For the reasons set forth above, the Court finds that Plaintiff fails to state any claims in the Second Amended Complaint upon which relief may be granted under § 1983 against any of the Defendants. Under Rule 15(a) of the Federal Rules of Civil Procedure, leave to amend 'shall be freely given when justice so requires.'" The Court will provide Plaintiff with one more opportunity to file an amended complaint that states a claim. Plaintiff is granted leave to file a Third Amended Complaint within thirty days. Noll v. Carlson, 809 F.2d 1446, 1448-49 (9th Cir. 1987).

The Third Amended Complaint should be brief, Fed. R. Civ. P. 8(a), but must state what each named defendant did that led to the deprivation of Plaintiff's constitutional or other federal rights. Iqbal, 129 S.Ct. at 1948-49; Jones, 297 F.3d at 934. Plaintiff must set forth "sufficient factual matter . . . to 'state a claim that is plausible on its face.'" Id. at 1949 (quoting Twombly, 550 U.S. at 555).

Plaintiff must demonstrate that each defendant personally participated in the deprivation of his rights. Jones, 297 F.3d at 934 (emphasis added).

Plaintiff is cautioned that if he fails to state any claims in the Third Amended Complaint, the Court will recommend that this entire action be dismissed, with prejudice. Plaintiff is advised to carefully read this order so that he understands the deficiencies he must cure. As discussed above, for each violation of his rights, Plaintiff must name the defendant or defendants who acted against him, give facts explaining what each defendant did or failed to do and the circumstances surrounding the defendants' actions. The Court has set forth legal standards which appear to apply to Plaintiff's claims, to assist Plaintiff. Plaintiff has now filed three deficient complaints in this action and has been given ample guidance by the Court. To state a viable claim for relief, Plaintiff must set forth sufficient factual allegations sufficient to state a plausible claim for relief. Iqbal, 129 S.Ct. at 1949-50.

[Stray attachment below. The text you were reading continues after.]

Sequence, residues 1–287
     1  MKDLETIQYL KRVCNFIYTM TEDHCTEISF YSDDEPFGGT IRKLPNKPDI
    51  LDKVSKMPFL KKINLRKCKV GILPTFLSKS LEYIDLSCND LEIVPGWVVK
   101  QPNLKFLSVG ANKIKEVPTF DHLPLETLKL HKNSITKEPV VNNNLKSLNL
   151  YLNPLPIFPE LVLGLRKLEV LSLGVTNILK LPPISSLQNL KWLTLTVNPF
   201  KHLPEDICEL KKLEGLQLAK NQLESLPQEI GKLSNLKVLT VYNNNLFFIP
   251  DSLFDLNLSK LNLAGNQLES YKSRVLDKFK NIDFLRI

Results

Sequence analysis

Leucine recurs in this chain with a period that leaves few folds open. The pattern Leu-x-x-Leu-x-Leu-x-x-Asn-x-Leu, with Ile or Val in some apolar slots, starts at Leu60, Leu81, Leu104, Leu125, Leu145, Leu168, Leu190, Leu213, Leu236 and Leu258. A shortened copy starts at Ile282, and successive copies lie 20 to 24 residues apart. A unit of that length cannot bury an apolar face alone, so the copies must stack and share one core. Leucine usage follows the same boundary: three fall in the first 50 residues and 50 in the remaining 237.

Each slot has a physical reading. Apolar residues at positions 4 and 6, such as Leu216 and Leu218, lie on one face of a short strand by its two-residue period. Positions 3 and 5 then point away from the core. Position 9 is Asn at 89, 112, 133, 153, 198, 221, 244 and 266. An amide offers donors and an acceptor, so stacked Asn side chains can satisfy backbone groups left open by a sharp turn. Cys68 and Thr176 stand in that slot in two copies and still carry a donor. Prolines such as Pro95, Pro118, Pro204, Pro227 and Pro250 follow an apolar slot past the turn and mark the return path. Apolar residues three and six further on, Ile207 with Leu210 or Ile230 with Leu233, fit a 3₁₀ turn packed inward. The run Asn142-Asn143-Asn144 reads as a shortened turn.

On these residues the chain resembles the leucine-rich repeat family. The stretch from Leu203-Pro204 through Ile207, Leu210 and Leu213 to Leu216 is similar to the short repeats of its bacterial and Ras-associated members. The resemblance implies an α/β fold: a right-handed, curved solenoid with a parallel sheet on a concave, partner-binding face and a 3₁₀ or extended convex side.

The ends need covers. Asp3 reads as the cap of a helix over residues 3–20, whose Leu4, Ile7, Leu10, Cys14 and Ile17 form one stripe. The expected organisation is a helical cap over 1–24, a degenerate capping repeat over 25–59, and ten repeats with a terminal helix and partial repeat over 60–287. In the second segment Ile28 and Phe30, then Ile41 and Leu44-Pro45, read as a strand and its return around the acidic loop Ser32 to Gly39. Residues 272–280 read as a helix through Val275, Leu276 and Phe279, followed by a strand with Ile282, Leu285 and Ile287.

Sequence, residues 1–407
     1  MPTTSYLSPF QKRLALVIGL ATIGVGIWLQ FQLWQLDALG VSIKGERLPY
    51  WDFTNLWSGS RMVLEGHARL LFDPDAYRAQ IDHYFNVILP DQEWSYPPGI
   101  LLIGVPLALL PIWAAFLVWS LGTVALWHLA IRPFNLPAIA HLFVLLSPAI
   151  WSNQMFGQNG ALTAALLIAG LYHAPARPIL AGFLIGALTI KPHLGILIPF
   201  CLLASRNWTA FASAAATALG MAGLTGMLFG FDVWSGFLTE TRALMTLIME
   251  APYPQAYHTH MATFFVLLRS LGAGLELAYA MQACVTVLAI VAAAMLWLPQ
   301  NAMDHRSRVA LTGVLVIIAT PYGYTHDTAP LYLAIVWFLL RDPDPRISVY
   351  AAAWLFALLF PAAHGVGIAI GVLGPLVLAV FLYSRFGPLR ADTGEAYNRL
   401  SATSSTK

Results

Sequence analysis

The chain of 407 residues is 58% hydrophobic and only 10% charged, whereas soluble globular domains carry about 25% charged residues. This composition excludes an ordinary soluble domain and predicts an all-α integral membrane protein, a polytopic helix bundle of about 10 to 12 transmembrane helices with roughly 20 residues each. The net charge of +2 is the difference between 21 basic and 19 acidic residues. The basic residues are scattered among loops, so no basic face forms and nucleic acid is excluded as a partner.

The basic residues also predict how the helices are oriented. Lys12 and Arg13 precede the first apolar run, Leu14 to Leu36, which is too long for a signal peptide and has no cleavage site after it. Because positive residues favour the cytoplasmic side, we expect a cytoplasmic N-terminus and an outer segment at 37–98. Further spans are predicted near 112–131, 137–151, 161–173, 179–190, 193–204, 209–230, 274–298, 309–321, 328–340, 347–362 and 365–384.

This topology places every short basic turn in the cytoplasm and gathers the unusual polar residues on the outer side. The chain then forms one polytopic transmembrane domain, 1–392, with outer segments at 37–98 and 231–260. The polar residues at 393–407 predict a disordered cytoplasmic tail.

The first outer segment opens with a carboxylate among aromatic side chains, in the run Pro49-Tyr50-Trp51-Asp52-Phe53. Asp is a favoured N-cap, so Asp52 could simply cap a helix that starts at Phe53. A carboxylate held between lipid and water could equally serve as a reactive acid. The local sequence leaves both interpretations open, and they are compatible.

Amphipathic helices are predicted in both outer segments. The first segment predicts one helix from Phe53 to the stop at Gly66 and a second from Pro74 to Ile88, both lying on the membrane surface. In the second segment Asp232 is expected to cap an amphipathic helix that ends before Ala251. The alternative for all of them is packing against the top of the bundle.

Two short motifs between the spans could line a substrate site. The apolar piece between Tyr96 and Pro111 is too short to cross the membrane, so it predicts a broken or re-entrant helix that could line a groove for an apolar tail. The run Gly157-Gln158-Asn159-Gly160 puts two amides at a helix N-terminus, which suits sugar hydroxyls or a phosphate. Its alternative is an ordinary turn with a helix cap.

Plaintiff must not add any new, unrelated claims and should take care to include only those claims that have been administratively exhausted.

Finally, Plaintiff is advised that Local Rule 220 requires that an amended complaint be complete in itself without reference to any prior pleading. As a general rule, an amended complaint supersedes the original complaint. See Loux v. Rhay, 375 F.2d 55, 57 (9th Cir. 1967). Once an amended complaint is filed, the original complaint no longer serves any function in the case. Therefore, in an amended complaint, as in an original complaint, each claim and the involvement of each defendant must be sufficiently alleged. The amended complaint should be clearly and boldly titled "Third Amended Complaint," refer to the appropriate case number, and be an original signed under penalty of perjury.

Based on the foregoing, it is HEREBY ORDERED that:

1. Plaintiff's Second Amended Complaint, filed on May 11, 2011, is dismissed for failure to state a claim, with leave to amend;

2. The Clerk's Office shall send Plaintiff a civil rights complaint form;

3. Within thirty (30) days from the date of service of this order, Plaintiff shall file a Third Amended Complaint curing the deficiencies identified in this order;

4. Plaintiff shall caption the amended complaint "Third Amended Complaint" and refer to the case number 1:10-cv-00310-LJO-GSA-PC;

5. If Plaintiff fails to comply with this order, it will be recommended that this action be dismissed, with prejudice, for failure to state a claim.